Thursday, November 10, 2011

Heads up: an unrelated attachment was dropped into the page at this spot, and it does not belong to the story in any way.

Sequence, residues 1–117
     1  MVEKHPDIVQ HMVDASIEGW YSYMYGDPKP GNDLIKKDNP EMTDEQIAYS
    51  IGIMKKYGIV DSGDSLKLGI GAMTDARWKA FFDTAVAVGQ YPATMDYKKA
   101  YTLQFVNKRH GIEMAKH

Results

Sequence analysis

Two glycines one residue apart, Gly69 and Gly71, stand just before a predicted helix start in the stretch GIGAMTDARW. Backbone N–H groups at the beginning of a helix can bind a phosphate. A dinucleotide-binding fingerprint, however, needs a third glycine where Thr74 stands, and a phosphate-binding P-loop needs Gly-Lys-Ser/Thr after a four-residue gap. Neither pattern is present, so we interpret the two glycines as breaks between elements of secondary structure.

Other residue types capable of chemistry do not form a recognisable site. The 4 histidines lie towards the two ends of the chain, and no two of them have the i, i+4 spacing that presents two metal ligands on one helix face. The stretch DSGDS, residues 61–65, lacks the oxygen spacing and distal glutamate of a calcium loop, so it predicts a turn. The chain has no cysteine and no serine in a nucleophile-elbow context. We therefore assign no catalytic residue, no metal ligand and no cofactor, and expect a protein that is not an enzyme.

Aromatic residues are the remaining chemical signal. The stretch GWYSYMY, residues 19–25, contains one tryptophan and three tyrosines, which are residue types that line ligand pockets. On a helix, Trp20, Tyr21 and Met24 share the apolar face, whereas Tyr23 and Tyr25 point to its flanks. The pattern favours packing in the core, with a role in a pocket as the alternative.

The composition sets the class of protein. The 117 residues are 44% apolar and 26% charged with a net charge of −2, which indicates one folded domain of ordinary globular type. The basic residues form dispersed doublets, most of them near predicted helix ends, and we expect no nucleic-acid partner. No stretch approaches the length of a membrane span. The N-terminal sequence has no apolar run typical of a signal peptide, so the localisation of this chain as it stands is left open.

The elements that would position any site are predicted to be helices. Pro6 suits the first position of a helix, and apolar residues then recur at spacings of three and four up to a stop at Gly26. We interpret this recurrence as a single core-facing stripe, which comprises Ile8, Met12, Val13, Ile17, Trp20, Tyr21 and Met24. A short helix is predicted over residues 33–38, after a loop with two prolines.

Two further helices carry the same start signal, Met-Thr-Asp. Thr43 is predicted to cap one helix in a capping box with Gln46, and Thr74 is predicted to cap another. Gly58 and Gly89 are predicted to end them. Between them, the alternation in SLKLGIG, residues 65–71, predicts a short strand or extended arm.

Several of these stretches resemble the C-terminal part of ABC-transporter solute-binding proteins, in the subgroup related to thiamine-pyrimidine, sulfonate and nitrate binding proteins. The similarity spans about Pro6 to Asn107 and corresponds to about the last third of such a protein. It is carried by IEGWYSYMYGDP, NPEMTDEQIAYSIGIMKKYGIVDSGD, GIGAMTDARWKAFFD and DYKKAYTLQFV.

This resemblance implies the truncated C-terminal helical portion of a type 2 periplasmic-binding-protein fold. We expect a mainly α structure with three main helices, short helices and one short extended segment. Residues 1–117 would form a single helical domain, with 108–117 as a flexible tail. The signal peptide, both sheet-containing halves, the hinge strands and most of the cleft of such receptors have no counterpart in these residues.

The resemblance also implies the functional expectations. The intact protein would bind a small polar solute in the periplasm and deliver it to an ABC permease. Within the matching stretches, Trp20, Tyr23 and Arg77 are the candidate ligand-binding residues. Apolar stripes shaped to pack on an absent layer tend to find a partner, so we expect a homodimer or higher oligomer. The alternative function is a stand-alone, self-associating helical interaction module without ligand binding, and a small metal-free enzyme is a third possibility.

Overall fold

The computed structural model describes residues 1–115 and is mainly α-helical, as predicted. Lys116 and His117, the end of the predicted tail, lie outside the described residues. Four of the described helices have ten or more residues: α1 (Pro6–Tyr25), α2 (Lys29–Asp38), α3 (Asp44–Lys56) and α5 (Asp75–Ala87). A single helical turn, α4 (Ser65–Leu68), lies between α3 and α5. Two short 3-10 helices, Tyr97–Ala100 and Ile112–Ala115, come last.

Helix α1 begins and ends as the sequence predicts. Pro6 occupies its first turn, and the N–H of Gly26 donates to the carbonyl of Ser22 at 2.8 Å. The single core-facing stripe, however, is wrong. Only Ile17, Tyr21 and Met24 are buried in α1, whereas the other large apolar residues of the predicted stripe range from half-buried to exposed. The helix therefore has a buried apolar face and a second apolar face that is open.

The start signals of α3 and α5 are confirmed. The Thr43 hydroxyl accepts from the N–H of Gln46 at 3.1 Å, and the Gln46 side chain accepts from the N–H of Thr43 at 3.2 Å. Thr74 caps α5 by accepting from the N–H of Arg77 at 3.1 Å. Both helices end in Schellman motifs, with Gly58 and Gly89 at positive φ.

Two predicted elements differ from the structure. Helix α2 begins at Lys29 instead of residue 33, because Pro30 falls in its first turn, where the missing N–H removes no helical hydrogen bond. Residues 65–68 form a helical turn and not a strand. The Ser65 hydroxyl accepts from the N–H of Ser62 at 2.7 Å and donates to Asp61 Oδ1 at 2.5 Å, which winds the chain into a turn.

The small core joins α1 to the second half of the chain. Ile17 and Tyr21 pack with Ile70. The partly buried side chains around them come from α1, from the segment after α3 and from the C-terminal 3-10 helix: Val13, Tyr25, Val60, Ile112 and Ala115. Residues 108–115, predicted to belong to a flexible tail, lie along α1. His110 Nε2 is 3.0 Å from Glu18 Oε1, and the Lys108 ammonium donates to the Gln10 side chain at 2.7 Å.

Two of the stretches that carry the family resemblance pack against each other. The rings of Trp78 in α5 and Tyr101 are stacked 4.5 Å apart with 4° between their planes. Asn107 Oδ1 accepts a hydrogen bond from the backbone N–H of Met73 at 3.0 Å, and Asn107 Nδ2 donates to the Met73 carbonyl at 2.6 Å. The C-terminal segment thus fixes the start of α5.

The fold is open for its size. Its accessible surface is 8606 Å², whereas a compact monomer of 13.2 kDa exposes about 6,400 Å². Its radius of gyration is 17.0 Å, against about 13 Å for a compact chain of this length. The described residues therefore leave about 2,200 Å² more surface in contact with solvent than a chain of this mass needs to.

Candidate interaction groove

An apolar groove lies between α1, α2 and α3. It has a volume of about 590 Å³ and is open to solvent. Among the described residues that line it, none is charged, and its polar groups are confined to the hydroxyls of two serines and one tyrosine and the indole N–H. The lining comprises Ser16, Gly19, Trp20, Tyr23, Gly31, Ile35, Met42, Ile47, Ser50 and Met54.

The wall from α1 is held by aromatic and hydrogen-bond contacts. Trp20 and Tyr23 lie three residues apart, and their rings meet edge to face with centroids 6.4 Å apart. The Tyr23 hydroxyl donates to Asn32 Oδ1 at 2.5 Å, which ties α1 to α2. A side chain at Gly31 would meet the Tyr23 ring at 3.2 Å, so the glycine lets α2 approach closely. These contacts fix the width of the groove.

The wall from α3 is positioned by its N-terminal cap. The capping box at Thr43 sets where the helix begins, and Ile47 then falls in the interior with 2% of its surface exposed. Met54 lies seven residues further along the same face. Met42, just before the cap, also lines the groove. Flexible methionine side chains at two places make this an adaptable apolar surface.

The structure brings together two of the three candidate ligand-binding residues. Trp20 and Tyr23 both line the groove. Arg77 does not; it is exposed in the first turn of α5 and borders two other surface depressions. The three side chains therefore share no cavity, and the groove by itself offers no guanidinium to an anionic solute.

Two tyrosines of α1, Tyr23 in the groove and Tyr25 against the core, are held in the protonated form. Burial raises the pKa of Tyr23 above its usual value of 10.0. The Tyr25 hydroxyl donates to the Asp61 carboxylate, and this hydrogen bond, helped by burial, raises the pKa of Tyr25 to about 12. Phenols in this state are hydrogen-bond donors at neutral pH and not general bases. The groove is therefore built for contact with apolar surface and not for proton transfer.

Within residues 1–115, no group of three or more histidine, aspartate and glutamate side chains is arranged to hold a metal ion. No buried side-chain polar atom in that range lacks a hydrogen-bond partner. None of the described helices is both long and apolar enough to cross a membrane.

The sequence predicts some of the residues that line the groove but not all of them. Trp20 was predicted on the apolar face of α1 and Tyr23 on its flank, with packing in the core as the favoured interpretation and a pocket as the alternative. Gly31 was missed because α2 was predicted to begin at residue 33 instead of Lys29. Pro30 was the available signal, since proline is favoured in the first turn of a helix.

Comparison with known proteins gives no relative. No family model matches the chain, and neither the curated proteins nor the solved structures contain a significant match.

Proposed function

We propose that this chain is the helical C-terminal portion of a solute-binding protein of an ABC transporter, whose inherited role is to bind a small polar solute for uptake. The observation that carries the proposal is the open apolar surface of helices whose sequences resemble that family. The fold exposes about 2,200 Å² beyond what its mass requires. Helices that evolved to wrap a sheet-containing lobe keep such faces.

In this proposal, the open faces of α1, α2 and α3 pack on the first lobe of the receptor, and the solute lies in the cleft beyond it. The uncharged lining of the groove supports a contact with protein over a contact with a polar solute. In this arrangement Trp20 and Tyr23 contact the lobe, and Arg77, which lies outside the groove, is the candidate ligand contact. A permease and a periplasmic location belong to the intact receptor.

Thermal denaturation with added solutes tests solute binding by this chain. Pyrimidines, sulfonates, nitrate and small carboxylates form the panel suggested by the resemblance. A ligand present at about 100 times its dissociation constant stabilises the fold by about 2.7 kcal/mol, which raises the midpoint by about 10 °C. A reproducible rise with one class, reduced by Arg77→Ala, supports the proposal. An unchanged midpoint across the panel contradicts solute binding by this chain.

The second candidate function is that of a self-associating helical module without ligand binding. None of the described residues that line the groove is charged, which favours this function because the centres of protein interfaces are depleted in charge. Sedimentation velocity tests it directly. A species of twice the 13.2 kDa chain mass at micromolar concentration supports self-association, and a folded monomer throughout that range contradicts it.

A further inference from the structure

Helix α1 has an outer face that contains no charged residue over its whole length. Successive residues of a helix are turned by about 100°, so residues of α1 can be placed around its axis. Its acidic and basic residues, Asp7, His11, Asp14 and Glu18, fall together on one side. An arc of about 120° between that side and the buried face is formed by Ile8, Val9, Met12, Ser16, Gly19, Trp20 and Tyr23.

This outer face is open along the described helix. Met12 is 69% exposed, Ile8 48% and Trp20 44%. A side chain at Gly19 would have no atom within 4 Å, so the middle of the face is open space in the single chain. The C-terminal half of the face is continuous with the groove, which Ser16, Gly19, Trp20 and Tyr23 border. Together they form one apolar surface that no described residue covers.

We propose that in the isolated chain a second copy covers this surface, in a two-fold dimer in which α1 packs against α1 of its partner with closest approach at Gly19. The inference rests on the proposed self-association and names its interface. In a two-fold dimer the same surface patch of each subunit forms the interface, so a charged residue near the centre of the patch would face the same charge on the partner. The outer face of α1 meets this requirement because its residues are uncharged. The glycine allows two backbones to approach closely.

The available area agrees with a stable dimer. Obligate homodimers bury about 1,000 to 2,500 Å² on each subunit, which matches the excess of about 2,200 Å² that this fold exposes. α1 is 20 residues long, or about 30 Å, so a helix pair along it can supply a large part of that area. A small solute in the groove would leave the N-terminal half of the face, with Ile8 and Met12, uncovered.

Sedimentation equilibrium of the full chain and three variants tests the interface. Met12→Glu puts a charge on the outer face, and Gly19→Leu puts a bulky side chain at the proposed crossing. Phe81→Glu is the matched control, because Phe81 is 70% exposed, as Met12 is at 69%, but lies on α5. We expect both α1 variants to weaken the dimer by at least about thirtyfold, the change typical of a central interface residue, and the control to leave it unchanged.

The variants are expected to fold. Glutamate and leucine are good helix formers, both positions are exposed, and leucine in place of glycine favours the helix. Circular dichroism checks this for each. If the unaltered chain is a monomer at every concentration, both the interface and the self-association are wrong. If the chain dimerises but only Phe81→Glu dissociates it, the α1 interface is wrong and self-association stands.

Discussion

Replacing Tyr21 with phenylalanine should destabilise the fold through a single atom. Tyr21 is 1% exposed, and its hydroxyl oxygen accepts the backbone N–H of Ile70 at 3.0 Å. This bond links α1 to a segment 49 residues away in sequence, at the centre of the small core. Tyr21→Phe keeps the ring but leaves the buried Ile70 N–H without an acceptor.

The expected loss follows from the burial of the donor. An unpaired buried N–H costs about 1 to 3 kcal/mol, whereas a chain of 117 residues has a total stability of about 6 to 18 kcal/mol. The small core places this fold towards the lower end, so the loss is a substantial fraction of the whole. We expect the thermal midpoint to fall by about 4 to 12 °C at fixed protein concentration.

A revolution in knot theory: In the mid-1990s, mathematicians discovered something strange. There are Gauss codes for which it is impossible to draw planar knot diagrams but which nevertheless behave like knots in certain ways. In particular, those codes, which Nelson calls *nonplanar Gauss codes*, work perfectly well in certain formulas that are used to investigate properties of knots. Nelson writes: "A planar Gauss code always describes a [knot] in three-space; what kind of thing could a nonplanar Gauss code be describing?" As it turns out, there are "virtual knots" that have legitimate Gauss codes but do not correspond to knots in three-dimensional space. These virtual knots can be investigated by applying combinatorial techniques to knot diagrams.